Fiskerton Long Walk
This walk goes through the Lincolnshire Limewoods where there are ancient woodlands, medieval abbey ruins and a wealth of wildlife and history. It takes in the river Witham, the site of an Iron Age causeway and the remains of Barlings Abbey.
The Lincolnshire Limewoods are the most important examples of small leaved lime woodland remaining in Britain and as such have been designated as a National Nature Reserve (NNR). These woodlands date back to prehistoric times and are believed to be one of the few remaining examples of wildwood with continuous woodland cover for the last 8000 years. They provide a range of habitats for a variety of wildlife.
The Witham valley has one of the largest concentrations of abbeys and priories in the country. These medieval religious houses were located close to the river following a tradition of ritual use in the prehistoric period, and because it was an important link to Lincoln and the port at Boston. In medieval times some of the woodlands would have been owned by the abbeys and have played a vital role in the local economy.
- 1With your back to the Village Hall cross the road, turn right and follow the road past the village green and pub. Turn left along Nelson Road.
- 2As the road bends to the left, turn right along the public footpath, between two houses, to emerge into a field. Turn right towards the River Witham and admire the view to the Cathedral on the right.
- 3Cross the bridge, climb up the bank and turn left along the public footpath on top of the bank beside the River Witham.
- 4At the footbridge over the river, turn left and follow the lane to a T-junction.
- 5Cross the road, turn left and take the first right along Hall Lane, a public bridleway. Continue along the lane ignoring first a public footpath, then a public bridleway and a second public footpath on the left and a public footpath on the right.
- 6At the end of the surfaced lane, after approximately one mile (1.5 kilometres) from the start of Hall Lane, turn left along the public bridleway. Walk straight on along the track, keeping the woodland on your left and ignoring the public bridleway on your left.
- 7When you reach the house at the end of the track, continue in the same direction on the bridleway along the field edge with the hedge and fence on your right. Walk for approximately 300m to the field corner and a gap in the hedge. Go through this and turn left, following the field edge to the corner where the bridleway meets a footpath.
- 8Turn right and walk across the field by bearing right towards the white cottages and bridge, when it comes into view. You are now walking on the Viking Way, Lincolnshire’s 147 mile long distance footpath that links the Humber to Rutland Water. Cross the bridge and bear slightly left to walk alongside the hedge (keeping it on your left) to the road.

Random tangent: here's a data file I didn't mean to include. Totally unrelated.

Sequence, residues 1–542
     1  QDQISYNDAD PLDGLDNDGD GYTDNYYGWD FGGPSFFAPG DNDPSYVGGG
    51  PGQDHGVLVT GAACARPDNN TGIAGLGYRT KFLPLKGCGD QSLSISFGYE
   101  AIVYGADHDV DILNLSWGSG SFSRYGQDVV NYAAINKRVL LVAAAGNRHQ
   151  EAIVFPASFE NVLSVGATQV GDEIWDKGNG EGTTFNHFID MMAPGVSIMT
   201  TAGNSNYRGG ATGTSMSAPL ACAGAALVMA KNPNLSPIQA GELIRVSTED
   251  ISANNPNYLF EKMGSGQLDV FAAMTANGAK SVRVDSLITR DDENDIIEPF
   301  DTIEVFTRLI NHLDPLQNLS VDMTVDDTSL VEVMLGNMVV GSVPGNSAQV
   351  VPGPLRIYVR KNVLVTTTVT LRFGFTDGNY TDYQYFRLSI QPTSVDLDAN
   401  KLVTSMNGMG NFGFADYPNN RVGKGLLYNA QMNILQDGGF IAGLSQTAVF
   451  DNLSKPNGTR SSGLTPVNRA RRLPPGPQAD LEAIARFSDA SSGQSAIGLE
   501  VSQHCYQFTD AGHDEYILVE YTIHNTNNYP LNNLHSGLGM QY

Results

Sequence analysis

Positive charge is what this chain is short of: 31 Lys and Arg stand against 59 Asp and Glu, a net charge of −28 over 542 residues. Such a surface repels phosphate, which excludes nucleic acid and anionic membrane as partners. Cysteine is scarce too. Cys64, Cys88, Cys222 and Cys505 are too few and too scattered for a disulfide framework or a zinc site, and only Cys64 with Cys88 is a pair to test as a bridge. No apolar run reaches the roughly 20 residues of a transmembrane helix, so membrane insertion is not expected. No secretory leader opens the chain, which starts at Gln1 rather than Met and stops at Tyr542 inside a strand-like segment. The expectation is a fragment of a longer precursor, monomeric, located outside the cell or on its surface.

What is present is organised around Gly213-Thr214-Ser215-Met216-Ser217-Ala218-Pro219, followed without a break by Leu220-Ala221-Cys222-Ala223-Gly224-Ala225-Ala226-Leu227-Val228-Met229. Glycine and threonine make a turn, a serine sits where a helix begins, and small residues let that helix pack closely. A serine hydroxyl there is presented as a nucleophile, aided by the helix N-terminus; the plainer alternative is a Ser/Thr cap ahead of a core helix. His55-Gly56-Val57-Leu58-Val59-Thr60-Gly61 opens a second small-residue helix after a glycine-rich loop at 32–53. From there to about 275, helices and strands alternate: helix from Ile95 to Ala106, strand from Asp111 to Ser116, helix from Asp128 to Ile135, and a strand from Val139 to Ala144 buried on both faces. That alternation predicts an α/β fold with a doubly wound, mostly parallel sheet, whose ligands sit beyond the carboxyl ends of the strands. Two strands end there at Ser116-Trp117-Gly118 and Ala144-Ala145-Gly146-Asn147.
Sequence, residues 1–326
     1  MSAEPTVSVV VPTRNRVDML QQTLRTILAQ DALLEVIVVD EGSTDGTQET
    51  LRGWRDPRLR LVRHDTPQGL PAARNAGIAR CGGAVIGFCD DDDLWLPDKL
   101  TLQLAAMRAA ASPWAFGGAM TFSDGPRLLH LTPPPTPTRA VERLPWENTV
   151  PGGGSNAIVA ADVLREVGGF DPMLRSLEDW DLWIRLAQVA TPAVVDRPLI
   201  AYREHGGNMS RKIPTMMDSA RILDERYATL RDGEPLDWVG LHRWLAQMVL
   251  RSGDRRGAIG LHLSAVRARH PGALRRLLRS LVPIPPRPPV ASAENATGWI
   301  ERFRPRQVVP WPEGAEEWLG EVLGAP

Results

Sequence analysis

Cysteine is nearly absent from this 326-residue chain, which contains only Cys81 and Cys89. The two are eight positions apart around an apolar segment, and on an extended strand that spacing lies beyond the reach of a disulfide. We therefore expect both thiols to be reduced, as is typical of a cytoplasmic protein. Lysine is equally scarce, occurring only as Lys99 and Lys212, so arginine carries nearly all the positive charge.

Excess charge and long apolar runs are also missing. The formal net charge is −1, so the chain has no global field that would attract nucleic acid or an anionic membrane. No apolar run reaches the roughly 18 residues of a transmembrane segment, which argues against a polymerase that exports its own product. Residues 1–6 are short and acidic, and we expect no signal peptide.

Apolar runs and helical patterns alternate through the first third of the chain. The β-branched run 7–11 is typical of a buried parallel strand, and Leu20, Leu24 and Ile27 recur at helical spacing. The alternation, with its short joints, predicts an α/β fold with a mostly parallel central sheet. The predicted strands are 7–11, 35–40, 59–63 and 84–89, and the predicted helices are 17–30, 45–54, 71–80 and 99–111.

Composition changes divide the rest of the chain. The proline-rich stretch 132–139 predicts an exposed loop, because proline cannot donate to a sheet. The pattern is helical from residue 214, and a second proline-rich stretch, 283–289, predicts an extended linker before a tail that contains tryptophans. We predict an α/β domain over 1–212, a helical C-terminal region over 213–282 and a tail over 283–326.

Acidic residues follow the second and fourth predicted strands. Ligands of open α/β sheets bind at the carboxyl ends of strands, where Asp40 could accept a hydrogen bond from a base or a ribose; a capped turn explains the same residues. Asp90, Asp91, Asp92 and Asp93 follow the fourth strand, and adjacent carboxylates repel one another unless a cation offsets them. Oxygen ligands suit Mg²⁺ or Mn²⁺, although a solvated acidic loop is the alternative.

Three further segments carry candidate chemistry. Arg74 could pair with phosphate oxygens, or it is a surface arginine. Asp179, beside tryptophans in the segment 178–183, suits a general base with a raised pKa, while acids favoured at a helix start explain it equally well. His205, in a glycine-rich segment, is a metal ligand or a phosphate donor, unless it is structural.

- 9At the road turn right. After approximately 100m turn left onto a public bridleway towards Ferry House Farm. Turn right in front of the houses and through a gate to the remains of Barlings Abbey. Retrace your steps back to the road. Turn right and then left to return on the same footpath, over the bridge and across the field to the junction of paths and bridleway in the field corner.
- 10Continue along the bridleway in the same direction along the Viking Way (waymarked with a Viking helmet), through the gap in the hedge and then along a field edge and grass track. Go over a bridge and through a small copse. Continue on the Viking Way in the same direction along a hedge-lined path for about one mile (1.5 kilometres) ignoring a bridleway on the left, two on the right and a footpath on the left. Continue along the bridleway to emerge onto Hall Lane next to the bungalows.
- 11Turn right and after approximately 150m turn right onto the public footpath. Walk straight across the field to a gate in the hedge. Bear left across the next field heading towards the left-hand side of the bungalows. Go through the gap in the hedge and follow the path between the house and hedge to a road.
- 12Turn left and at the T-junction turn right and follow the road back to the Village Hall.
This walk uses field paths, tracks and quiet roads. You are likely to encounter stiles and livestock.